id0 = real(It_mag*sin(deg2rad*(Si+St_angle))); % real part of |It|*sin(Si+phi)
iq0 = real(It_mag*cos(deg2rad*(Si+St_angle))); % real part of |It|*cos(Si+phi)
%
% Solve for S0, equations on page 746, solutions given on pg. 753
EBd0 = ed0 - Re*id0+Xe*iq0;
EBq0 = eq0 - Re*iq0-Xe*id0;
S0 = rad2deg*(atan(EBd0/EBq0));
%
% Solve for Efd0, equations on page 746, solutions given on pg. 753
%EB2 = sqrt((EBd0^2+EBq0^2)); % NOTE: this is same value as given for EB
ifd0 = (eq0+Ra*iq0+Lds*id0)/Lads; % as per pg 746
Efd0 = Ladu*ifd0; % as per pg 746
Yad0 = Lads*(-id0+ifd0); % as per pg 746
Yaq0 = -Laqs*iq0; % as per pg 746
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%% Small Signal Analysis
% "Since we are expressing small-signal performance in terms of perturbed
% values of flux linkages and currents, a distinction has to be made etween
% TOTAL saturation "s" and INCREMENTAL saturation "i". Incremental
% saturation is associated with perturbed values of flux linkages and
% currents."
% Solve for Incremental values, Ksd(incr) & Ksq(incr)
Ksdi = 1/(1+Bsat*Asat*exp(Bsat*(Yat0 - YTI))); % incremental saturation, verify on page 753
Ksqi = Ksdi;
Ladi = Ksdi*Ladu; % Incremental mutual inductances
Laqi = Ksdi*Laqu; % Incremental mutual inductances
Ldi = Ladi + Xl; % Incremental inductance
Lqi = Laqi + Xl; % Incremental inductance
Lp_adi = 1/((1/Ladi)+(1/Lfd)); % Incremental mutual inductance of L'd
Xadi = Ladi; % Equivalent in per unit system
Xaqi = Laqi; % Equivalent in per unit system
Xdi = Ldi; % Equivalent in per unit system
Xqi = Lqi; % Equivalent in per unit system
Xp_di = Lp_adi; % Equivalent in per unit system
%
%
% Preparing to linearize.. see page 742
% NOTE: use of "incremental" values, as per pg.745
RT = Ra+Re;
XTq = Xe+Xqi; % Text shows Xqs .. but here we use "i", the incremental value
XTd = Xe+Xp_di+Xl; % Text shows Xqs .. but here we use "i", the incremental value
D = RT^2+XTq*XTd;
% Linearized system equations (pg. 742)
m1 = (EB_mag*(XTq*sin(deg2rad*(S0)) - RT*cos(deg2rad*(S0))))/D;
n1 = (EB_mag*(RT*sin(deg2rad*(S0)) + XTd*cos(deg2rad*(S0))))/D;
m2 = XTq/D * Ladi/(Ladi + Lfd);
n2 = RT/D * Ladi/(Ladi+Lfd);
% %%%% SUMMARY: Initial Steady-state Values of the System Varaibles
% disp('SUMMARY: Initial Steady-state Values of the System Varaibles:')
% Ksd
% Ksq
% Si
% ed0
% eq0
% id0
% iq0
% S0
% Efd0
% Ksdi
% Ksqi
% m1
% m2
% n1
% n2
% %%%%%%%%%%%%%%%%%%%%%%%%%%%%%%%%%%%%%%%%%%%%%%%%%%%%%%%%%%%%%%%%%
% The Constants associated with the block diagram (fig. 12.9)
K1 = n1*(Yad0+Laqi*id0)-m1*(Yaq0+Lp_adi*iq0); % eq. 12.113 NOTE: incremental values used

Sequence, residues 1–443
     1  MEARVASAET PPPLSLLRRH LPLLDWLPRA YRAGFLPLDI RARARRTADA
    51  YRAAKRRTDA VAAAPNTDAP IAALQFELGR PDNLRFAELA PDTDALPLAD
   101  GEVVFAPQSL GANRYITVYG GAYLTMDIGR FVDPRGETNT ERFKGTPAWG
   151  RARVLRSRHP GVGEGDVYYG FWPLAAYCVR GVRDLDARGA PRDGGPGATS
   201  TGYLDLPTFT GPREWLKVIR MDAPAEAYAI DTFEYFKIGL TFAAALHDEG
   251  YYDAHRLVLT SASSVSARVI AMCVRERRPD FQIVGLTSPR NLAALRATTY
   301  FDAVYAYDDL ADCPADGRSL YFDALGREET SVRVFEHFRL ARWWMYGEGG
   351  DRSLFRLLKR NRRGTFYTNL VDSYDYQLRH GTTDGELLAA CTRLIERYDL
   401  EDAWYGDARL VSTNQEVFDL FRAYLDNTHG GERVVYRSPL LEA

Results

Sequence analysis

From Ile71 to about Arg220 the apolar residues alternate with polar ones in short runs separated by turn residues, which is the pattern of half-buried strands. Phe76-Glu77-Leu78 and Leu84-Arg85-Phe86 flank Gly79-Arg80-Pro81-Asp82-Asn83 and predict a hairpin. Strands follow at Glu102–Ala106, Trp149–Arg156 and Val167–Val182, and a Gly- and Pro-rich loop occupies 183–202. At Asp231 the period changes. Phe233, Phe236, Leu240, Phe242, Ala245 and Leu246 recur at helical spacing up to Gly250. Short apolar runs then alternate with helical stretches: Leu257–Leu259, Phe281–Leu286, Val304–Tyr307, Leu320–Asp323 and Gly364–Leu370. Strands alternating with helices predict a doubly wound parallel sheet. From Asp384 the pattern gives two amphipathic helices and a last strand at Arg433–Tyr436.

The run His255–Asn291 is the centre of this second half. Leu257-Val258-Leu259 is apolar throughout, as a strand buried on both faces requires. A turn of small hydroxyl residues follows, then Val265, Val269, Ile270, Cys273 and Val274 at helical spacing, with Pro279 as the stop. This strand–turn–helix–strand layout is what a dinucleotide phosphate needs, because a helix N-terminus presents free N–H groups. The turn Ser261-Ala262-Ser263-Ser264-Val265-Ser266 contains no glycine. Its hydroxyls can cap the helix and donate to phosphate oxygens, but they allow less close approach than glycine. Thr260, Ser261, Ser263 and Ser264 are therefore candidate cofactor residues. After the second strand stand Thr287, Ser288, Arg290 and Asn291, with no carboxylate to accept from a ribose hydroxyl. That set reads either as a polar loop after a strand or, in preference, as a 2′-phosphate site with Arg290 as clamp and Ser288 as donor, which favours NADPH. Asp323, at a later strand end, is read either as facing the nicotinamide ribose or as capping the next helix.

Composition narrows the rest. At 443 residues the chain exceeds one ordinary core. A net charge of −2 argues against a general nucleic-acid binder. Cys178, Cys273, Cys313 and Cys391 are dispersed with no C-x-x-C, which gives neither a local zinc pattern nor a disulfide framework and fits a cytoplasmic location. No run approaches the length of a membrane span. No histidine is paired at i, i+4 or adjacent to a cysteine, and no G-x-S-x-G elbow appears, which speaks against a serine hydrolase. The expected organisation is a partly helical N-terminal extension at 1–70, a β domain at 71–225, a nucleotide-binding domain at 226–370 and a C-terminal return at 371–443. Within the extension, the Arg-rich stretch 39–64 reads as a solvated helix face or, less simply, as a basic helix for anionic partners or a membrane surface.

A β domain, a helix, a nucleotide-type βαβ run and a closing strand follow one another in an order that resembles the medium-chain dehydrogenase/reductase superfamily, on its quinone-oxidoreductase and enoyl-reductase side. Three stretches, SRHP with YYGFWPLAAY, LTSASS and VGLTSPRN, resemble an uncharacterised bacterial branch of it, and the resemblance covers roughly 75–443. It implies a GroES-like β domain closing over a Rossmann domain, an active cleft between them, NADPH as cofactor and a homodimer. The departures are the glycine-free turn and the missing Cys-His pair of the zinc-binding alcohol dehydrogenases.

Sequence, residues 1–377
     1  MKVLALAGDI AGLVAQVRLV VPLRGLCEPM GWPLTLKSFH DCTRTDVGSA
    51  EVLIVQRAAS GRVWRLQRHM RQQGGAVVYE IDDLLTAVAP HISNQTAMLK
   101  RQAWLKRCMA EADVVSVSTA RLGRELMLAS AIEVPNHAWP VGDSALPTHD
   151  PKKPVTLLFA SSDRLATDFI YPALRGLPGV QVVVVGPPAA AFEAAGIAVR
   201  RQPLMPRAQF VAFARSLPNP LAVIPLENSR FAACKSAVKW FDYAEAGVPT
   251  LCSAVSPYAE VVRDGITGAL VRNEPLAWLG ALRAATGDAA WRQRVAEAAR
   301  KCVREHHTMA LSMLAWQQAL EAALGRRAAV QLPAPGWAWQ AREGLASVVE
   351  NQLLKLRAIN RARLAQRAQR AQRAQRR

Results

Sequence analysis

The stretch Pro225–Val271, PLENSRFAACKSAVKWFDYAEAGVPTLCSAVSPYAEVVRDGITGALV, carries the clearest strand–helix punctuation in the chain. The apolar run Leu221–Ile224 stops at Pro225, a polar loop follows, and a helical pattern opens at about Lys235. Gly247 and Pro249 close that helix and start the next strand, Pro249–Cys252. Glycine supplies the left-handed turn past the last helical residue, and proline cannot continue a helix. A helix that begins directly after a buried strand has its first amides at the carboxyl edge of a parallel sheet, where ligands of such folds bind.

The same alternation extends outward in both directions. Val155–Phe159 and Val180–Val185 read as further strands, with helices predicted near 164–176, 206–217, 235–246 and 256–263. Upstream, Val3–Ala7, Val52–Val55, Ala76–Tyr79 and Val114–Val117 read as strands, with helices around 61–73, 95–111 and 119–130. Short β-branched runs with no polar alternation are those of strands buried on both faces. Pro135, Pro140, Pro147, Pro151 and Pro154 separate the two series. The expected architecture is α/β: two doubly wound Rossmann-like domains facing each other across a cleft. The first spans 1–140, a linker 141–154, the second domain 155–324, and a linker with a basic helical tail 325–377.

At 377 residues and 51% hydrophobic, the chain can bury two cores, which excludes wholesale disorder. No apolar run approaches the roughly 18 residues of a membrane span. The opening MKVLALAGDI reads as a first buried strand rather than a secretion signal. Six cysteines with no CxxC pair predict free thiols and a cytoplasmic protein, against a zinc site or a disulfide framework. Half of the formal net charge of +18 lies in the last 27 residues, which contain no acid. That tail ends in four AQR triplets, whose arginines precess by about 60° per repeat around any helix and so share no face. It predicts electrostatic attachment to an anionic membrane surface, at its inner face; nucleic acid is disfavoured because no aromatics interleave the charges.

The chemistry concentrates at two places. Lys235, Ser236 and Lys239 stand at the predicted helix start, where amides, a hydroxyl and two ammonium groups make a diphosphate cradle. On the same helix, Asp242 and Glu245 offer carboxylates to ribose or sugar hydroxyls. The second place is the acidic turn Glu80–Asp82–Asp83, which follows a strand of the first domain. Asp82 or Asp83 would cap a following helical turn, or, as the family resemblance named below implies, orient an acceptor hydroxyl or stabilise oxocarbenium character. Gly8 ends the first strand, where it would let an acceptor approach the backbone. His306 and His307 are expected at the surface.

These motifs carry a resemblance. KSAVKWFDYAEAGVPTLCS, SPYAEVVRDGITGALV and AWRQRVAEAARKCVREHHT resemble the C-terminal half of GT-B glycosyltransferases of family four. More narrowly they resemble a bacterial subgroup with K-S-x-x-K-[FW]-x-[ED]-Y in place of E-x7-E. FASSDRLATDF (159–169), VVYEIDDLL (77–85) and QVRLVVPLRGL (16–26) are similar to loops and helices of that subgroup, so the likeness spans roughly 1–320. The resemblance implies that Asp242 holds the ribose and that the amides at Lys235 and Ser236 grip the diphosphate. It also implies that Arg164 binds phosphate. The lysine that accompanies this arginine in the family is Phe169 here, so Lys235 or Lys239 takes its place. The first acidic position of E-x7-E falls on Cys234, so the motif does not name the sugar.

K2 = n2*(Yad0 + Laqi*id0)-m2*(Yaq0+Lp_adi*iq0)+Lp_adi/Lfd*iq0; % eq. 12.114 NOTE: incremental values used
%% Construct State-Space Matrix
a11 = -KD/(2*H);
a12 = -K1/(2*H);
a13 = -K2/(2*H);
a21 = 2*pi*f0;
a22 = 0;
a23 = 0;
a31 = 0;
a32 = -((2*pi*f0)*Rfd/Lfd)*m1*Lp_adi; % NOTE: use of incremental value
a33 = -((2*pi*f0)*Rfd/Lfd)*(1-Lp_adi/Lfd + m2*Lp_adi); % NOTE: use of incremental value
% Construct the A-matrix
A = [a11 a12 a13; a21 a22 a22; a31 a32 a33]; % A-matrix of SMIB
%disp('The A-matrix:'); disp(A); %Displays the A-matrix to workspace
%
b11 = 1/(2*H);
b12 = 0;
b21 = 0;
b22 = 0;
b31 = 0;
b32 = (2*pi*f0)*Rfd/Ladu; %%%%% Why is this unsaturated mutual inductance Ld?
% The Constants associated with the block diagram (fig. 12.9)
K3 = -b32/a33;
K4 = -a32/b32;
T3 = -1/a33;
%% Eigenvalues
% %%%%%%%%%%%%%%%%%%%%%%%%% TEST from pg 734 %%%%%%%%%%%%%%%%%%%%%%%%
A = [(-1.43) -0.108; 377 0]; % with KD = 10 %%%%%%%%%%%%%%%%%%%%%%%%%%%
%
[eigen_Vec, eigen_Val] = eig(A); % eigen vectors and eigenvalues, where the eigen values are in a diagonal matrix
disp('The Eignvalues:'); disp(diag(eigen_Val)); % Displays eigenvalues to workspace
%disp('Characteristic Equation:'); disp(poly(A)); % Displays characteristic equation
syms h; % define a symbol for lamda% At = [(-1.43) -0.108; 377 0];
Dh = diag(h)*eye(size(A)); % form a diagonal matrix of lambda, same size as A-matrix
dec= vpa((A-Dh)); % convert to decimal values
eq1 = sort(det(dec)); % characteristic equation is the determinant of (A-D), sorted
disp('Characteristic Equation:')
pretty(eq1) % displays result in a "pretty" way
%
% Define 2nd order characteristic equation variables
% syms phi wn;
% char_eq = h^2+2*phi*wn*h+wn^2;
% disp('of the form:')
% pretty(char_eq)
%
% Look at the characteristic equation enter in wn
% wn = sqrt(8.318); % [rad] undamped natural frequency
% fn = wn/(2*pi); % [Hz] undamped natural frequency
% sigma = 1.430/(2*wn); % Damping ratio
% wd = wn*sqrt(1-sigma^2); %[rad] damped frequency
% fd = wd/(2*pi); % [Hz] damped frequency
% Find Right Eigenvector and eigenvalue, check with page 735
syms phi_11 phi_21 phi_31 phi_12 phi_22 phi_32 phi_31 phi_32 phi_33; % manually determined
[right,ev]=eig(A);
disp('The Right Eigenvector Matrix:')
disp(right)
% Method 2
% For the first eigenvalue
eig1= diag(eigen_Val(1))*eye(size(A)); % (lamda * I)
eig1a= vpa((A-eig1)); % (A-lamda*I) answer convert to decimal values
phi_m1 = [phi_11; phi_21;]; % first matrix of phi variables
eig1b = eig1a * phi_m1;
% one of the eigenvecotors corresesponding to an eigenvalue has to be set
% arbitrarily, therefore let phi_21 = 1, and solve for phi_11.
%phi_21 = 1;
[phi_11]=solve(subs(eig1b(1), phi_21, 1))
%
% Similarily, for the second eigenvalue
eig2= diag(eigen_Val(2))*eye(size(A)); % (lamda * I)
eig2a= vpa((A-eig2)); % (A-lamda*I) answer convert to decimal values
phi_m2 = [phi_12; phi_22;]; % first matrix of phi variables
eig2b = eig2a * phi_m2;
% one of the eigenvecotors corresesponding to an eigenvalue has to be set
% arbitrarily, therefore let phi_22 = 1, and solve for phi_12.
%phi_22 = 1;
[phi_12]=solve(subs(eig1b(2), phi_22, 1))
%
% Find left eigenvector, check with page 736
left=inv(right);
disp('The Left Eigenvector Matrix:')
disp(left)
%% Plotting
% Plot Eigenvalues:
% figure(1)
% real_eigen=real(eig(A));
% imag_eigen=imag(eig(A));
% plot(real_eigen,imag_eigen,'*')
% xlabel ('Real')
% ylabel ('Imaginary')
% title ('System Eigen Values')
% grid
break
Identity = eye(size(A)); % returns an identity matrix the same size as A
Use [W,D] = eig(A.'); W = conj(W) to compute the left eigenvectors.